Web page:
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Reviews » DVD Video Reviews » Teen Titans Go! - Season 3 Part 1 - Eat. Dance. Punch!
Teen Titans Go! - Season 3 Part 1 - Eat. Dance. Punch!
Warner Bros. // Unrated // May 31, 2016
List Price: $19.97 [Buy now and save at Amazon]
Review by Francis Rizzo III | posted May 30, 2016 | E-mail the Author
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Note: This review was written by my 10-year-old daughter Emma. I pop in here and there (which should be clear visually) to share my perspective (and handle some of the technical elements.)

By Emma Rizzo

In 10 Words or Less
Weirdest show on Cartoon Network next to Gumball

Reviewer's Bias*
Loves: Weirdness, Starfire, Raven, animation
Likes: Cyborg, Beast Boy
Dislikes: Robin being annoying, weird lessons, wrong art on DVD
Hates: The titles being repeated every episode

The Story So Far
A kid-friendly take on DC's younger super team, Teen Titans Go! embraces the possibilities and silliness of animation and runs wild with it, focusing less on heroics and more of the interpersonal connections between these young Titans. For fans of DC, the show is loaded with little easter eggs and in-jokes, making it a treat for comic book and cartoon aficionados. Three seasons have aired to date, with four half-season DVD collections and one complete Blu-ray collection released so far. DVDTalk has reviews of several of these releases.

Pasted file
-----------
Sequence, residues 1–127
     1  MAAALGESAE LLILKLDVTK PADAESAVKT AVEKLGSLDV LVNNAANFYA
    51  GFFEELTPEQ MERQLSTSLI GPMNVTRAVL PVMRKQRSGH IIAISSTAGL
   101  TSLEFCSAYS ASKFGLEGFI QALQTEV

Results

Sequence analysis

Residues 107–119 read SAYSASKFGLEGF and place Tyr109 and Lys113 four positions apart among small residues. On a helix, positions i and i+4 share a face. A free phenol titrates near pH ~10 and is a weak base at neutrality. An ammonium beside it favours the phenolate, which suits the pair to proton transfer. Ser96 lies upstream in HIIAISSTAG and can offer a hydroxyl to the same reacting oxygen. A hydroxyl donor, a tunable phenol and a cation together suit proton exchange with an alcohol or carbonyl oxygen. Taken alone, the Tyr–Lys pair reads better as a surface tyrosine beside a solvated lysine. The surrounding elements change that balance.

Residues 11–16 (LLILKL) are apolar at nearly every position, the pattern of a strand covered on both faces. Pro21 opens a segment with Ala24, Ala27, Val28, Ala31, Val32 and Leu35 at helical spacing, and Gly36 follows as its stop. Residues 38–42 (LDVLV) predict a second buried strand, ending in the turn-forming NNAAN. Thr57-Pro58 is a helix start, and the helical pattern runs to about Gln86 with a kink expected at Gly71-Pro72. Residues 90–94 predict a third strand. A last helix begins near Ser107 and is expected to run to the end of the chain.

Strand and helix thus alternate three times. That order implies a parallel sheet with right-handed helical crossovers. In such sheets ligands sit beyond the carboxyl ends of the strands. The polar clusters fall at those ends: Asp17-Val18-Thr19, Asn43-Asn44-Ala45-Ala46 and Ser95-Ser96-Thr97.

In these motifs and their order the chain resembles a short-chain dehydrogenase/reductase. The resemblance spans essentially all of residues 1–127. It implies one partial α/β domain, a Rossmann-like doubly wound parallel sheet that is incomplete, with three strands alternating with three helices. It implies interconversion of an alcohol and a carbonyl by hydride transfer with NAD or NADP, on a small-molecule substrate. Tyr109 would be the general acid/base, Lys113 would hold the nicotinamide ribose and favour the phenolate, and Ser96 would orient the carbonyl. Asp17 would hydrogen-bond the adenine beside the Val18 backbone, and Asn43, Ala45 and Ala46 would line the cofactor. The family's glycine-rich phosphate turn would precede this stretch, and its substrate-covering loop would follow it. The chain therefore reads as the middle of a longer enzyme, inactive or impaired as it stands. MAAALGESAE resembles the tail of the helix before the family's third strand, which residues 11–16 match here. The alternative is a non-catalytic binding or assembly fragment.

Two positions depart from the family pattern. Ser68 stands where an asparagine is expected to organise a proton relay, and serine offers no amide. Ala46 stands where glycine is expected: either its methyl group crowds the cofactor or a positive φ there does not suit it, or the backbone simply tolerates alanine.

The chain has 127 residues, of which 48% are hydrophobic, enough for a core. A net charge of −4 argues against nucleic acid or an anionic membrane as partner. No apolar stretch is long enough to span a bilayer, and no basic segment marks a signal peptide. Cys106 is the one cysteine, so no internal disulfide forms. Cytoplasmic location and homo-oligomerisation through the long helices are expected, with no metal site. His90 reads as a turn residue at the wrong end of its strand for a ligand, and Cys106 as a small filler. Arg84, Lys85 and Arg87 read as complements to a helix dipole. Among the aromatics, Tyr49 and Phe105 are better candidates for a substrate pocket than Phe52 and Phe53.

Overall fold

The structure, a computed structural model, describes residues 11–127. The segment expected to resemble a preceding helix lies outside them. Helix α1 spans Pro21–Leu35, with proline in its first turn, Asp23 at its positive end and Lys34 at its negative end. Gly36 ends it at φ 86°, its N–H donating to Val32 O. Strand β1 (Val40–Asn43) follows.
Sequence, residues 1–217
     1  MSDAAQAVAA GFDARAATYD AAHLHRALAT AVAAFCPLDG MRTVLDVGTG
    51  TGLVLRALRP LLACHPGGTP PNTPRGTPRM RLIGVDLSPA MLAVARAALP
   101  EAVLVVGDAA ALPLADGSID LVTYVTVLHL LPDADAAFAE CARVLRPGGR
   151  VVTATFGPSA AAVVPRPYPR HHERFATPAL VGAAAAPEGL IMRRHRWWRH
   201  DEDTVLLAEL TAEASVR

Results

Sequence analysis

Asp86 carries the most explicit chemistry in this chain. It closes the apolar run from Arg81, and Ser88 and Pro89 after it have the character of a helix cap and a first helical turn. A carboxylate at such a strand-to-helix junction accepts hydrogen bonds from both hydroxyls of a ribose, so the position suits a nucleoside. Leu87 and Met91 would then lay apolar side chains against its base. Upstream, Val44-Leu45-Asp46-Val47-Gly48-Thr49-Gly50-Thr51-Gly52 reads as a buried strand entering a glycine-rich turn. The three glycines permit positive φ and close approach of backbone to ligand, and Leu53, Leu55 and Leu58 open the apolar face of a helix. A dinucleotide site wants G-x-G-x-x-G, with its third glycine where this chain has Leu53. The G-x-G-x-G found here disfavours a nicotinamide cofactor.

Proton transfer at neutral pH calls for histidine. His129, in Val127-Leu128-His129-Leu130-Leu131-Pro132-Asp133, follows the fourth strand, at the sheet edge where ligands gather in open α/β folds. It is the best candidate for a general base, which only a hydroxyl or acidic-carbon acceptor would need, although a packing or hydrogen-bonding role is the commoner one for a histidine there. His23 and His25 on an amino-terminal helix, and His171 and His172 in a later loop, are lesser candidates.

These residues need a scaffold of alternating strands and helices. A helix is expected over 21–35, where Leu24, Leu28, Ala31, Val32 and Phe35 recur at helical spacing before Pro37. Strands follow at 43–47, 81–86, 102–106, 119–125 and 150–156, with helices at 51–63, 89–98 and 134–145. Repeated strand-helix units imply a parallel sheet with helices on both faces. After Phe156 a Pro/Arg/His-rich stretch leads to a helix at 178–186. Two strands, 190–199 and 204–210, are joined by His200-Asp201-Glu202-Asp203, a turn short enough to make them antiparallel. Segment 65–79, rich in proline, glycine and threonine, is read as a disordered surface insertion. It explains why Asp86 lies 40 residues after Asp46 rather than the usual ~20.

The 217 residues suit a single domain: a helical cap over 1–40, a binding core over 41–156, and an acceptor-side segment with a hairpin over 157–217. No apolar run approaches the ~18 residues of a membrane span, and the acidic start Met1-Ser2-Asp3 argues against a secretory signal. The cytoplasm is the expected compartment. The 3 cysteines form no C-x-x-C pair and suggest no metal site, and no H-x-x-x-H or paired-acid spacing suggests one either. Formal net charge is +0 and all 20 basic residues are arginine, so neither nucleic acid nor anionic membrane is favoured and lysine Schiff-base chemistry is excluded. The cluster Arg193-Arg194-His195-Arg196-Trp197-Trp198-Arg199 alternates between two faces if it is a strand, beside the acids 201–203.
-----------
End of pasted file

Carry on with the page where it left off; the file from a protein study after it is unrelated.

The Show
The show is about a group of superheros named the Teen Titans that save Jump City from total destruction. Every episode is either usually a lesson they learn, an adventure they go on, or just total randomness!

My Favorite Episodes Disc 1:
"Cat's Fancy"
"Cat's Fancy" is about Starfire. Starfire becomes a cat lady and becomes obsessed with cats. Robin wants Starfire to like her so he dressed up like a cat. Robin's plan gets a little too crazy. To stop Starfire from going crazy he dresses up like a dog and randomly that makes her normal again.

"The Fourth Wall"
"The Fourth Wall" is about when the Titans' TV gets hacked by Control Freak and he forces them to change themselves or he would reboot them. The Titans change themselves in many ways. But Control Freak tricked them the whole time.

Favorite Episodes Disc 2:
"The True Meaning Of Christmas"
"The True Meaning Of Christmas" is about the Titans...well..learning the real meaning of Christmas.The Titans find out that they haven't been getting presents for 3 years straight was because they were on the naughty list. So the Titans go to the North Pole to erase their name from the list. But Santa tells them the real meaning of Christmas isn't presents, it's spending time with family...but after they blow up the workshop santa finds out the real meaning of Christmas is really presents.